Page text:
Andrew L. Urban.
George Pell’s supporters are backing a review of the way Victoria Police and the Office of Public Prosecutions handled the ultimately failed pursuit of the cardinal. Terry Tobin QC* said that if the High Court was right about the possibility of the offences not occurring, an innocent man had been sent to jail for 405 days in what was one of the biggest injustices in Australian criminal history.
Sue Neill-Fraser’s supporters are also keen to see a review of how the police (in this case Tasmanian) and the Office of Public Prosecutions handled the case that has resulted in a notoriously unsafe conviction. Arguably just as big an injustice as Pell’s: she has been in jail for over 10 years. But Tasmania is out sight of mainland media and Neill-Fraser is not a controversial public figure. The injustice is the same, though.
The public’s attention is harder to capture; her murder conviction doesn’t generate the sort of heat, hate and hype that (alleged) sex offences do. So that’s one answer as to why not the global fuss over her case. But great fuss there ought to be: the facts of the case are damning of The System.
“The coppers and the Director of Public Prosecutions would be assisted, I think, by doing a root-cause analysis, by figuring out dispassionately … what happened in this case,” Tobin said. Anyone following the legal disaster that is the Neill-Fraser case, would cheer such an approach in Tasmania, but at the same time laugh with derision at the very thought. (Legal academic at Flinders University, Dr Bob Moles invited then DPP Tim Ellis to participate in such an analysis some years ago in the Neill-Fraser case, but his invitation was ignored.)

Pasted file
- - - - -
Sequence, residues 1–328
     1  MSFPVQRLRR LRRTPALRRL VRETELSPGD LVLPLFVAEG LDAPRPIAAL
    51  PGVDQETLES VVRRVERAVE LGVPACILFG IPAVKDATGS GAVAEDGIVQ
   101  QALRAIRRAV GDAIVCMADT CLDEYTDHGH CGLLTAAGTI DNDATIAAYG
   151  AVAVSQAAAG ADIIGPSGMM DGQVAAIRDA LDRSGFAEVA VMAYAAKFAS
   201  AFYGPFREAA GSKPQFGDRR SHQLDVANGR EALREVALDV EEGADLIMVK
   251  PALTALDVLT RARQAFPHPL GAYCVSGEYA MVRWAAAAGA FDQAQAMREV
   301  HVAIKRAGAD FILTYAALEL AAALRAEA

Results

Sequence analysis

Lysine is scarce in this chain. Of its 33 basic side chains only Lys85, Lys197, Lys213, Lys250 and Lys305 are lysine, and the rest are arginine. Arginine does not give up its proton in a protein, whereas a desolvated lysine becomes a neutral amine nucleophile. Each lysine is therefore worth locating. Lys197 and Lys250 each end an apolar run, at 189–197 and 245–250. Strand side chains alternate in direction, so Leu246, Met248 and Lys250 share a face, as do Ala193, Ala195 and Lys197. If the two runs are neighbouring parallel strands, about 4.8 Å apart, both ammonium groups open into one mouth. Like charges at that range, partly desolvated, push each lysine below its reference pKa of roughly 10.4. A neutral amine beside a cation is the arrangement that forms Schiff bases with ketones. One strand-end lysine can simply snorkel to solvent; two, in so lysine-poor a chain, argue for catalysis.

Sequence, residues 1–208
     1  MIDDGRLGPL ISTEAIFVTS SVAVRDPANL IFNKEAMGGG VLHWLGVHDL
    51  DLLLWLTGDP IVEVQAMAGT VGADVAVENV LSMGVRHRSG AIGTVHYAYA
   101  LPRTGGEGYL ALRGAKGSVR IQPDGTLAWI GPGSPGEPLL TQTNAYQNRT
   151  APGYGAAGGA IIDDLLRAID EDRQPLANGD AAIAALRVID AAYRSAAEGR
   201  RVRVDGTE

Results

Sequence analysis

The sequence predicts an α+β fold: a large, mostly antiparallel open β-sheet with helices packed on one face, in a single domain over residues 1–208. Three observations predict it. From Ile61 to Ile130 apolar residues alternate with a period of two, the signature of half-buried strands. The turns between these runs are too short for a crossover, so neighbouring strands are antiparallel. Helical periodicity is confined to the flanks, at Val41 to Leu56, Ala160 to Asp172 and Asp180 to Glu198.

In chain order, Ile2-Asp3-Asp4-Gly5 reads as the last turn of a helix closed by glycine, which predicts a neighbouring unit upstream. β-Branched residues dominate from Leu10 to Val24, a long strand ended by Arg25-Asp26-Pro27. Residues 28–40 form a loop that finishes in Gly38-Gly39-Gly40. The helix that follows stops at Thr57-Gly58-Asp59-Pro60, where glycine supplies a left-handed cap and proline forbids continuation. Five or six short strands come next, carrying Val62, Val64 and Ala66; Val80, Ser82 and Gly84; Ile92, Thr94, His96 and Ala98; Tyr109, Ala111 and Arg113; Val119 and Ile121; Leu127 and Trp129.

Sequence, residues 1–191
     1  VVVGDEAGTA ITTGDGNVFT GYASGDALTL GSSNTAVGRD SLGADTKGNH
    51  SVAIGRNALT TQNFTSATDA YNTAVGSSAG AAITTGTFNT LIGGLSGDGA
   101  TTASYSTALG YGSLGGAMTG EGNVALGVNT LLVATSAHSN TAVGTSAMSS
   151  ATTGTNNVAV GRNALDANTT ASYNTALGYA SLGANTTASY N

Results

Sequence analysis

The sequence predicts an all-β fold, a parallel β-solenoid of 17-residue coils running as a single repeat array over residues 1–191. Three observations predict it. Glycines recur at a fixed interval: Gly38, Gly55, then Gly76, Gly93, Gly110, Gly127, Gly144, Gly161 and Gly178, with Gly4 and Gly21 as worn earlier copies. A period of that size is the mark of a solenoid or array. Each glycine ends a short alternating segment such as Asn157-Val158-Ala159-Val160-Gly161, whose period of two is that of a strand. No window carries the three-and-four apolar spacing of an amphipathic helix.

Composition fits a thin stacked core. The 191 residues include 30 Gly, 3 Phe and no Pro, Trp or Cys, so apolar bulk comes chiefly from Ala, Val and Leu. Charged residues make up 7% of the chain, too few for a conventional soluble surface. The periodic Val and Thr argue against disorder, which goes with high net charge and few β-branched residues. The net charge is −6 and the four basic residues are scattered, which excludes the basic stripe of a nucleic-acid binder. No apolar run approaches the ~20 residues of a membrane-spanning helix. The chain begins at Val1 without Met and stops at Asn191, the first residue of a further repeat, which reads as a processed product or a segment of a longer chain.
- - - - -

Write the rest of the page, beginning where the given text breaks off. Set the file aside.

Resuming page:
Experience has taught Neill-Fraser’s supporters that Tasmania’s legal fraternity would rather endure the barrage of criticism from powerless supporters – which includes several QCs and other lawyers – than admit any error. In real life, the Crown is not a model litigant and has done and will do whatever it takes to protect the conviction. At stake is the revelation of gross incompetence, malpractice and lies that led to that conviction.
So while there is no similarity between the Pell case and Neill-Fraser’s, there is plenty of similarity in the way the legal systems in these two States has failed. (Other States are not blameless, either…)
With the legal profession barricaded behind its professional protection and immunity barriers, no outside institution is able to bring injustice within those barricades to justice. That responsibility resides entirely within each jurisdiction. Is the criminal justice system robust and ethical enough to correct its errors? Well, sometimes, and its failures to do so are egregious. Lindy Chamberlain’s conviction over 30 years ago was expected to be a lesson for The System: The System has learnt nothing from it.
Confidence in The System is lacking and is drained further by cases such as Pell and Neill-Fraser – and others, including Robert Xie, arrested May 5, 2011 and convicted on February 13, 2017 – without evidence (like the other two examples) – for the July 18, 2009 murder of five family members in Epping, NSW, and whose appeal is still in the queue.
The general public’s fascination with ‘true crime’ falls away when it comes to the complicated and detailed world of ‘true wrongful convictions’. Most media (with notable exceptions) tends to avoid that subject, for the same reason: too hard. Trusting The System that we boast about as being based on the ‘infallible’ jury system# and the presumption of innocence is naive. In reality, dozens of wrongful convictions have shown The System is every bit as flawed as the humans who operate it. Beware The System.
Footnote: Senior lawyers also are urging the Victorian government to legislate for the option of judge-only criminal trials in Victoria, like other states have, particularly in the case of high-profile alleged offenders.
# Reference: Can juries get it wrong?
* Terry Tobin QC is Chancellor of The University of Notre Dame Australia.